Next month I will be attending a round-table discussion at my local bar association where the topic will be the pros and cons of specializing in appellate practice. I am very much looking forward to the discussion since the issue is one that has not garnered much attention among legal professionals. Below are my general thoughts on the issue.
I can easily rattle off the psychic benefits of appellate practice, namely the intellectual challenge, longer deadlines, and greater predictability in the day to day schedule. We don't have to do discovery, or haggle over pennies on the dollar with opposing counsel. And, occasionally, we get a case with a novel issue that presents us with the rare opportunity to shape the law. In other words, the benefits are exactly what we signed up for when we decided to attend law school.
For the sole practitioner, the barriers to entry are very low. Unless you are dealing with a sophisticated corporate clientele, you can work from home with the support of a virtual office, which, taken together with your research subscription and malpractice insurance, is your only source of overhead. This, in turn, gives you greater flexibility in setting your fee. Moreover, since a fixed fee is the predominant fee structure, you can free yourself from the drudgery of tracking your time in six minute increments.
So, what are the drawbacks? First, most clients already have an attorney at the trial level. That attorney, if he/she does not agree to handle the appeal, may refer the matter to a specialist. Given this reality, the appellate practitioner must spend more time than the average attorney developing relationships with trial counsel. This is good news for those who enjoy networking, and even better news for the cost-conscious who don't want to undertake an expensive marketing campaign. The bad news is this: building a viable network takes time and patience, and is not a strategy that results in an immediate return on investment.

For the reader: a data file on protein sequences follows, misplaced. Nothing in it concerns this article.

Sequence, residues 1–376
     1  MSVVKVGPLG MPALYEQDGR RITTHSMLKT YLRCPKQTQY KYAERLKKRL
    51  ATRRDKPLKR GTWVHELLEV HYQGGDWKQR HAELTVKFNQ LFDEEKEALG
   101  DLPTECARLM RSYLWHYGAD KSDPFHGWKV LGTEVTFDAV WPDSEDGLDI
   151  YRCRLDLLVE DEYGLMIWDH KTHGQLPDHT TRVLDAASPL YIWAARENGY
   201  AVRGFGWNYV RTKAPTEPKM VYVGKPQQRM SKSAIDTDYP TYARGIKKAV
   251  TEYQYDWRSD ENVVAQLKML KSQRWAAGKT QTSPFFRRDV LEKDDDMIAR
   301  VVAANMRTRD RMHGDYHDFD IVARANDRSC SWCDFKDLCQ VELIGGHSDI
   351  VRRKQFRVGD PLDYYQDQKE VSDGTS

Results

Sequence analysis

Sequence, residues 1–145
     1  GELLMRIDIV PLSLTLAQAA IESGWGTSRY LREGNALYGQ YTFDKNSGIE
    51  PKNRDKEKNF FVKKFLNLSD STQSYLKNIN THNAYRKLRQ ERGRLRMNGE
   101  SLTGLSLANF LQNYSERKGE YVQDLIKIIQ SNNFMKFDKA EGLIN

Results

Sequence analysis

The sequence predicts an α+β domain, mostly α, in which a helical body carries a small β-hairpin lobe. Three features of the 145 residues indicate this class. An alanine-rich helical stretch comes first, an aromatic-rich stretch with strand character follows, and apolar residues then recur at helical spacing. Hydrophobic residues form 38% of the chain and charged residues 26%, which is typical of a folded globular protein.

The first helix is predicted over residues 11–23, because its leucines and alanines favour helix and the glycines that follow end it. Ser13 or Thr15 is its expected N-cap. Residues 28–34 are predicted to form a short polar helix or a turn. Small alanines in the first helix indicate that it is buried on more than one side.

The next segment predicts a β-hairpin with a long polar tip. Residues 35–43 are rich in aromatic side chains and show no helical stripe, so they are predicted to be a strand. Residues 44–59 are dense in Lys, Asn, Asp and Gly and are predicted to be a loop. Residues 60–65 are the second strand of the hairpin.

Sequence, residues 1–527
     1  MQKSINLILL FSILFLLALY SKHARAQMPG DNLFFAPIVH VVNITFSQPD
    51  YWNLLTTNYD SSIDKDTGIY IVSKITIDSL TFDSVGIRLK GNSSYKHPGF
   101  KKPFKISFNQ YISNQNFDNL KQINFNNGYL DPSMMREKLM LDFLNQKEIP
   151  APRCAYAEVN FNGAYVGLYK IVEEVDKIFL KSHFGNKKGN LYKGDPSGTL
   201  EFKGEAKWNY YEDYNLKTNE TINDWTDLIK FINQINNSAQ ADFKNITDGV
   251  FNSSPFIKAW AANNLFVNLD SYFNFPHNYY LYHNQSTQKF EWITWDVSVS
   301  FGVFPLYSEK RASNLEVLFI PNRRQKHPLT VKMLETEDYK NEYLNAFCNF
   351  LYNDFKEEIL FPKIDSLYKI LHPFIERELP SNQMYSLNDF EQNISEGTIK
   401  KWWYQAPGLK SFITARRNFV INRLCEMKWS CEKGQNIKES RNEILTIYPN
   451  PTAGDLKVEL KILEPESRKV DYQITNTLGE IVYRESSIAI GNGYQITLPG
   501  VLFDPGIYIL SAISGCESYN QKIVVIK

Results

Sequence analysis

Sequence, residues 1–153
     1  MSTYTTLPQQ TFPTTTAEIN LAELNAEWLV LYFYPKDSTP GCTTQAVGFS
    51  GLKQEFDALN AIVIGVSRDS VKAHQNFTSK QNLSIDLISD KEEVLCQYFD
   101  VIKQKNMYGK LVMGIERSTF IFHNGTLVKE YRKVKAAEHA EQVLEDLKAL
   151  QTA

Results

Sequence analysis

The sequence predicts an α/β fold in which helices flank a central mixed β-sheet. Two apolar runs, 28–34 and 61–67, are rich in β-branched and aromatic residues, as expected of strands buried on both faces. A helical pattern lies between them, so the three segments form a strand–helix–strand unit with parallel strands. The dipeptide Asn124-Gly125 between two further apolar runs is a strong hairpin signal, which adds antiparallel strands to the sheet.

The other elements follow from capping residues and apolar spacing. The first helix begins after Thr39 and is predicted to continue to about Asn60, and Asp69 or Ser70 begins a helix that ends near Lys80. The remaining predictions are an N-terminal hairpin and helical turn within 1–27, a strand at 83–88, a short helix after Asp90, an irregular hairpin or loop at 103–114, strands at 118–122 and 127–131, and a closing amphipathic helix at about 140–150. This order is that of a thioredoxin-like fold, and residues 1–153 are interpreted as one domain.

Another obvious drawback: cost. Though appeals are not merely a second trial, they very much are in the sense that they can cost the client thousands - sometimes tens of thousands - of dollars in fees. The problem is one of sunk costs. The client - or the attorney working on contingency - has already expended thousands of dollars in a losing effort, and is acutely aware that the money may not be recovered. Clients are understandably wary of shelling out even more money, just so they can lose all over again.
There are ways to mitigate the minimize the "cons" of appellate work. With appeals being so expensive, dispositive motion practice at the trial level becomes all the more important. Appellate specialists can bring value by handling the motion work of busy trial attorneys. There is also the opportunity for receiving assigned counsel work. Though the rates are half of what would be considered the standard market rate, the work (depending on the panel) is steady, and can give you a modest source of income while you hit the pavement developing a more lucrative referral base.
These are just my two cents, and I'm curious to hear what others have to say on the issue.